When Jon Smith, a professor of southern studies at Simon Fraser University and one of the toughest critics in the field, told us that he would be visiting Atlanta in April, we invited him on the show to critique our first season. We discussed many of the things folks might identify as southern, including blue crayfish, cornbread, and Cahaba lilies. Our conversation highlights why talking about the south is important, and why it is sometimes necessary to dispense with manners in order to do it well.
We wanted to get right to the point and ask Jon what he thought of our first season. He responded with an overview about the strengths and weaknesses of the blue crayfish as a metaphor for the south. He argued that the south and southern identity consists of a belief that there is a south rather than any existing external traits of the region, and the blue crayfish may not adequately capture the element of desire in the way we construct the region. Ultimately, he argues, the blue crayfish wasn’t “invented” in the same way that the south was.
He also provided us with some excellent slogans for future About South merchandise including “I come from the land of blue crayfish,” “I’m proud to be a crayfish-person,” “Bitter Blue-Crayfisher,” and “Garden and Crayfish.”
Along with first-season guest Scott Romine, Jon is currently working on a project about southern food, so we next turned our attention to cornbread. Citing a passage from The Southerner’s Handbook: A Guide to Living the Good Life, Jon demonstrates how contemporary southern food culture becomes a carrier of regional identity, attempting to construct a white southern identity that isn’t about slavery. He notes that until recently, “southern food” didn’t exist: it was just food. The way some southern publications discuss food today may appear, at first, racially inclusive, and invested in building a better south; however, the rhetoric is still invested in the fantasy of southern exceptionalism, which causes far more problems than it solves. Jon argues that if we want to make things better, we need to proceed from a realistic assessment of where we are, and popular forums about the south tend to willfully ignore foundational truths about the region.
Our conversation then turns to the Appalachian Trail and Cahaba National Wildlife Refuge. Jon was back in the south to visit national, state, and local parks for a research project he’s currently undertaking. Although the Appalachian Trail is over 2,000 miles long, Jon notes that, interestingly, knowing that someone lives close to the Appalachian Trail provides more useful information about their home than knowing that someone lives in “the south.” Moving on to the Cahaba Lily, a rare lily that only grows in the shoals of a few rivers in Alabama, Jon points out that Alabama is the fifth-most biologically diverse state in the country, and it is much more logical to be proud of Alabama for its nature—and the collective political action required to protect it—than it is for us to be proud of the south or southern heritage, which is based on a fiction. “We all know what’s bad about the south,” Jon states, “and that’s why we want to talk about cornbread instead, but why not talk about the Cahaba lily? Not as southern, but as part of what is amazing about Alabama.”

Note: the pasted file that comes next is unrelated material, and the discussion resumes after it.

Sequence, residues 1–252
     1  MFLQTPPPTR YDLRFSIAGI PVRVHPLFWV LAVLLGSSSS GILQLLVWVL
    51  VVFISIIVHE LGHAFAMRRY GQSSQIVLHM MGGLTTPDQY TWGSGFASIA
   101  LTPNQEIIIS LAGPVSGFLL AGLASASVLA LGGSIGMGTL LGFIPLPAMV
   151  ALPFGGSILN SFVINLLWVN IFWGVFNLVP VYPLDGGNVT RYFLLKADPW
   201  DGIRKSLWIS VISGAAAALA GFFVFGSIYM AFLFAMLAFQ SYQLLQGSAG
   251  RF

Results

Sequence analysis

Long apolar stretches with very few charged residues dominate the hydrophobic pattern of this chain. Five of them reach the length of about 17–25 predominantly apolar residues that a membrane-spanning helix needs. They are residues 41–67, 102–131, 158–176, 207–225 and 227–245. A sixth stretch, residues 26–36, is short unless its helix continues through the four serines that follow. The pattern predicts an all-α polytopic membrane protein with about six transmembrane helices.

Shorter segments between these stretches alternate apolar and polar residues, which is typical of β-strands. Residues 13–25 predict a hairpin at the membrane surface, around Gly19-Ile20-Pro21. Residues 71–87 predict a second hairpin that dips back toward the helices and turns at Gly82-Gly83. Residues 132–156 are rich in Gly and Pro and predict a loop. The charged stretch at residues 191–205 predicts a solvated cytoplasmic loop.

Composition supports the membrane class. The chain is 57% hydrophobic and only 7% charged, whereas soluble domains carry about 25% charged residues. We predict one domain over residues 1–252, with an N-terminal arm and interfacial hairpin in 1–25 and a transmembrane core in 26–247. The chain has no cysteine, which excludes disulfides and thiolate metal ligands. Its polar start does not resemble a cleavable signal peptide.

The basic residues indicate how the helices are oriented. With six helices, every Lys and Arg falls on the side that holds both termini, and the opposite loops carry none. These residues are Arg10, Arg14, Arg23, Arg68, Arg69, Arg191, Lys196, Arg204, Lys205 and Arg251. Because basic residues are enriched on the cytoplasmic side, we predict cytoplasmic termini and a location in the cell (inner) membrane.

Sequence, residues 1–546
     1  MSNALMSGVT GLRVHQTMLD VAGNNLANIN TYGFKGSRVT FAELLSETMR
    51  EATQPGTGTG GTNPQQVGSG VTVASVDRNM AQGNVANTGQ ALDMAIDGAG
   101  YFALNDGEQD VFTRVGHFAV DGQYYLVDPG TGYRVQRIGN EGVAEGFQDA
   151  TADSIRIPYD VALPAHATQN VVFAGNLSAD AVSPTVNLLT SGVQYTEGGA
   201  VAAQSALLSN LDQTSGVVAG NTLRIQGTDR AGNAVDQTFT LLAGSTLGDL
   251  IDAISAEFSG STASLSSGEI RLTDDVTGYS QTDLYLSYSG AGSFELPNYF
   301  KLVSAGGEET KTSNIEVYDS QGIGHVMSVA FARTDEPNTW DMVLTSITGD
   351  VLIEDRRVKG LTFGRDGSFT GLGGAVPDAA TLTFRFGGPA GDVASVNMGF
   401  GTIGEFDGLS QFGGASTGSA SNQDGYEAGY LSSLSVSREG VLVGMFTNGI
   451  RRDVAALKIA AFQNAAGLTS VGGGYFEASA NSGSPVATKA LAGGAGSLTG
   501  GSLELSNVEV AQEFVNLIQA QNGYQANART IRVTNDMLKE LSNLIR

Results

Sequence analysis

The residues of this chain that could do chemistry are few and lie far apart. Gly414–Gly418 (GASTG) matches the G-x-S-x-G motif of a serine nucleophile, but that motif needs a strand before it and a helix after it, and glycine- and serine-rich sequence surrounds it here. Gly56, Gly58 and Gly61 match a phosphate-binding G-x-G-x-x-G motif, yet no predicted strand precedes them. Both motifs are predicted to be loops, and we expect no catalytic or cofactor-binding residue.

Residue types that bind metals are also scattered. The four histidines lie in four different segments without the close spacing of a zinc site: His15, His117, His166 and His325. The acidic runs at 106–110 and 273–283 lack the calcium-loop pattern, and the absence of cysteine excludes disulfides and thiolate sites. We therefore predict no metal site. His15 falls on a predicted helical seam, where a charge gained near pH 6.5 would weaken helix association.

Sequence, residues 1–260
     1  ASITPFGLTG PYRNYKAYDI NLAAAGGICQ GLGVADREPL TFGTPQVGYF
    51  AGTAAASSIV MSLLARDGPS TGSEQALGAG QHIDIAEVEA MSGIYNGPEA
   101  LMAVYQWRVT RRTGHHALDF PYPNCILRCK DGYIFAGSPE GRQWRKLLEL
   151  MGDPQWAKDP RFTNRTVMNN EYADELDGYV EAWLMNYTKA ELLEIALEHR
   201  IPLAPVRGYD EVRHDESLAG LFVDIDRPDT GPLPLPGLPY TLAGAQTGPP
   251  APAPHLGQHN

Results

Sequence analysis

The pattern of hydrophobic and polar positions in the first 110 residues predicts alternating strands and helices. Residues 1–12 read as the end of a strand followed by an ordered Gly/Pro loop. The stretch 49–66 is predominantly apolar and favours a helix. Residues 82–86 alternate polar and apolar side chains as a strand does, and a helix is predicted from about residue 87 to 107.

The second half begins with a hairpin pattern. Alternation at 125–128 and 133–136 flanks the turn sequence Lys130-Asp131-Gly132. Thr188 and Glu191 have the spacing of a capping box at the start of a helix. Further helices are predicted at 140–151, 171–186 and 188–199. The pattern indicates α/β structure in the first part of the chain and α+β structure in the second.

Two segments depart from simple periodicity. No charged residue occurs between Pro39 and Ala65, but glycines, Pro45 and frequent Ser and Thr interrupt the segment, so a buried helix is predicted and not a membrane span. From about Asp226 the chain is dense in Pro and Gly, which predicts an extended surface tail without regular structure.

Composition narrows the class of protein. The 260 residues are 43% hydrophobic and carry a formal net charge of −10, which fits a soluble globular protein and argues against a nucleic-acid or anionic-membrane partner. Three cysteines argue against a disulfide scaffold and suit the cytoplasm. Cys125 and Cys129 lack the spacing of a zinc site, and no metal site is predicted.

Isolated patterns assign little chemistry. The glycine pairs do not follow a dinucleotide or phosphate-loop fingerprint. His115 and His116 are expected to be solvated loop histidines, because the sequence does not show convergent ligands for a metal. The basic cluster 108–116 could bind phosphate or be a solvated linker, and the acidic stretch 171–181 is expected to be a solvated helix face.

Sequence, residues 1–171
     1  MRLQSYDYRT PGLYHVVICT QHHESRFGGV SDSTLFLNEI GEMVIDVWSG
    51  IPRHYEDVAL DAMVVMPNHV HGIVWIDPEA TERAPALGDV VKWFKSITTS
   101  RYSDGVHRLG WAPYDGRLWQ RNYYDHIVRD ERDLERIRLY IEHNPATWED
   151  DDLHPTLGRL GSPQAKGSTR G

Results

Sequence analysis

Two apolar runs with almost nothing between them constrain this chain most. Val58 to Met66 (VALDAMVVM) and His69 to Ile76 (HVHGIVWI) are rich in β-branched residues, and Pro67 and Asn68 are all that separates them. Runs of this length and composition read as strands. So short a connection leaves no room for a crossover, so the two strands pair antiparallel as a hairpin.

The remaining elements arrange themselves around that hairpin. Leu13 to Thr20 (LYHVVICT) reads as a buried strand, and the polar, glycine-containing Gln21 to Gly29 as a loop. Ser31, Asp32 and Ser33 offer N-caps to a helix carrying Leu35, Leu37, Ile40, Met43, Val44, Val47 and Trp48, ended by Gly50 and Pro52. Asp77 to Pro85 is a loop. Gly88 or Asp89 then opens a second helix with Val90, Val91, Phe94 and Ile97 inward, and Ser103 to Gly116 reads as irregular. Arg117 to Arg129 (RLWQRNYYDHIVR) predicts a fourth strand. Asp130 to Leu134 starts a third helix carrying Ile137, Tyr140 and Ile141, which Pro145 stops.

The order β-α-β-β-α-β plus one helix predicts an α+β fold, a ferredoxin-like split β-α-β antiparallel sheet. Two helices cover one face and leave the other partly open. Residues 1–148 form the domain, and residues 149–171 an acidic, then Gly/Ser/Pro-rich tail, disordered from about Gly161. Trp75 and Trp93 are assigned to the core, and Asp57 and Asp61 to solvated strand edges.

We also briefly discuss the relationship between Jon’s scholarship and southern manners. He describes how his scholarship changed after Patricia Yaeger’s book, Dirt and Desire: Reconstructing Southern Women’s Writing, 1930-1990 (published in 2000). While Yaeger’s text went on to become one of the most cited southern studies book published in the last twenty years, it did not immediately receive the field's highest accolades. Yaeger advocated that southern manners are designed largely to hide injustice, and in order to fight injustice, one can’t be polite. Jon took her lesson to heart, making a conscious decision to be more direct in his scholarship. He describes the desire to affect change in southern studies and in the south as an “impossible job”: “If you’re not direct enough, you get ignored. If you’re too direct, people call you irrationally angry, and blow you off for that reason.”
Jon Smith is a professor in the English Department at Simon Fraser University in British Columbia. Along with Riché Richardson, he is the series editor of the New Southern Studies Series from the University of Georgia Press. He’s also the author of Finding Purple America: The South and the Future of American Cultural Studies. We would like to extend our thanks to Jon for this week’s episode. Read an excerpt from his book here.